“We work with numerous farms in the region that produce young stock according to our standards. Then we aggregate these cattle for fattening on several large finishing farms, also in the region, that are staffed by skilled graziers. A variety of regenerative farming techniques, notably rotational grazing to foster soil health and fertility, are key to our success. We harvest the finished cattle and sell 100% grass-fed and grass-finished beef and beef products to wholesale customers.” – Ridge Shinn

In our 40 minute conversation we discuss topics ranging from bioregions; consumer’s role as change agents; drawdown; and one-health of animal, planet & consumer.   Ridge offers insights into an operating model that seeks to be benefit diverse stakeholders interested in preserving a regional provenance, and commitment to a production approach.  Decades of experience offers Shinn assurance that all of that hard work developing protocols in the fields are now queueing market interest.  It’ll be fascinating for all, but if you live in the Northeast – you should give it a listen.

@RidgeShinn

photo credit: Jason Grow
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Ep. 32: Usman Javaid – CEO & co-founder of Ricult ||

On episode 32 we welcome Usman Javaid – CEO of Ricult. This startup spawned out of MIT sets to change the paradigm in global agriculture by rejiggering how folks who grow our food in all corners of the world can access resources, and sell their resulting crops to benefit themselves and their consumers.  Ricult is unique as they aim to fix the agriculture value chain through simple mobile tools that can be overlaid on modern technology platforms. By improving the value chain, Ricult is enabling farmers to pull themselves out of poverty while tapping a multi-billion dollar market.
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“We are not a charity; we are an empowering community transformation. This is the basis for a brighter future, built on hand-ups, not handouts” describes Javaid, an entrepreneur with 15 years of experience in Telecom, Mobile Banking, Mobile Agriculture in Pakistan/Bangladesh – who is now equipped with an MBA from MIT Sloan.  Usman leveraged his past experience selling petrochemical fertilizers at Exxon, and time spent with Pakistani dairymen while at Nestle to better understand and appreciate the perils of small stakeholder farmers around the world.  While at Sloan school he helped organize a team of global thought-leaders equally interested in changing global agriculture through defining a new paradigm focused on the farmer first.  And, that’s what they’ve done.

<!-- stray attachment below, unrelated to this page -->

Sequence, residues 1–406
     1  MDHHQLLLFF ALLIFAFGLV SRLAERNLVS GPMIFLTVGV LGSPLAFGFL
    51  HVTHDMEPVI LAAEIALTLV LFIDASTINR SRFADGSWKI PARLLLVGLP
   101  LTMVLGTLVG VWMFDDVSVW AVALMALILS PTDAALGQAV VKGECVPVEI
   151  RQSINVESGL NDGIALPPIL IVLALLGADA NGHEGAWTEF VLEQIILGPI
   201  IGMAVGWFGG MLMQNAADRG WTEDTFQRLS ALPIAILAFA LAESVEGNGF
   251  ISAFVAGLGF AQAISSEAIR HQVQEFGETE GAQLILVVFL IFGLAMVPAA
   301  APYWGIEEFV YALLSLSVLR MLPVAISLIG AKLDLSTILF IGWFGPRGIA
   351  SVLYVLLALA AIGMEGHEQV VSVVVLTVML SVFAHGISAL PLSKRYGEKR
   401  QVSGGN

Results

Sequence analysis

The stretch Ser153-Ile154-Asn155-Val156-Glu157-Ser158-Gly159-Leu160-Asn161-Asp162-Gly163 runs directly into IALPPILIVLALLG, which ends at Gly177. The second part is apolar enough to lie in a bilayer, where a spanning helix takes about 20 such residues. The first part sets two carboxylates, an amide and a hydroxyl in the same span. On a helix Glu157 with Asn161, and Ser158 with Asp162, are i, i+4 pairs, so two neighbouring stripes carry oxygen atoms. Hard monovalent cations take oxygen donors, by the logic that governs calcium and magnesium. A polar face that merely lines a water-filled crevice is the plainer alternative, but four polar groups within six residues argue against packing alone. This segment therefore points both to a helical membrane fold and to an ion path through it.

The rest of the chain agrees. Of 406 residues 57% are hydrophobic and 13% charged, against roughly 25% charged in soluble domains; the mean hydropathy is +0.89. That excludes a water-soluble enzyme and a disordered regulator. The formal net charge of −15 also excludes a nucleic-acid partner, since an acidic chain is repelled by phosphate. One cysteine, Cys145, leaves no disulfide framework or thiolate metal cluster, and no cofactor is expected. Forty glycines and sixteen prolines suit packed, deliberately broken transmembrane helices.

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Their Bill and Melinda Gates foundation backed company has now architected and framed a system which alleviates many of the issues within current supply chains for small farmers.  Supply chains for the billion small stakeholder farmers throughout the globe are often controlled by their investors, who maybe be better described as loan-sharks and present limited interest in feeding a shrinking planet nor looking out for the best interests of their debtors.  From Clearinghouse -to- Financier -to- Marketplace preserving production qualities – it’s RIcult that has stepped in to re-introduce potential for small stakeholder farmers to make a fair living through growing our food.

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The solutions they seek set to address vast global problems like food shortage, malnourishment, poverty, and rural unemployment.  Javaid and his leadership team at Ricult have decided this must begin by investing in the smallholder farmer. Their promise is to give these farmers the tools they need to be better informed, and to empower economic actors which will help more farmers work their way out of debt & poverty. As Usman states – “The world is ready for farming to be revolutionized and become more inclusive by liberating the very people who form the backbone of this industry.”
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No matter where you’re from. where live, or what you’ve done – have a listen to our 40 minute conversation. This discussions impacts us all.
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@contact_Ricult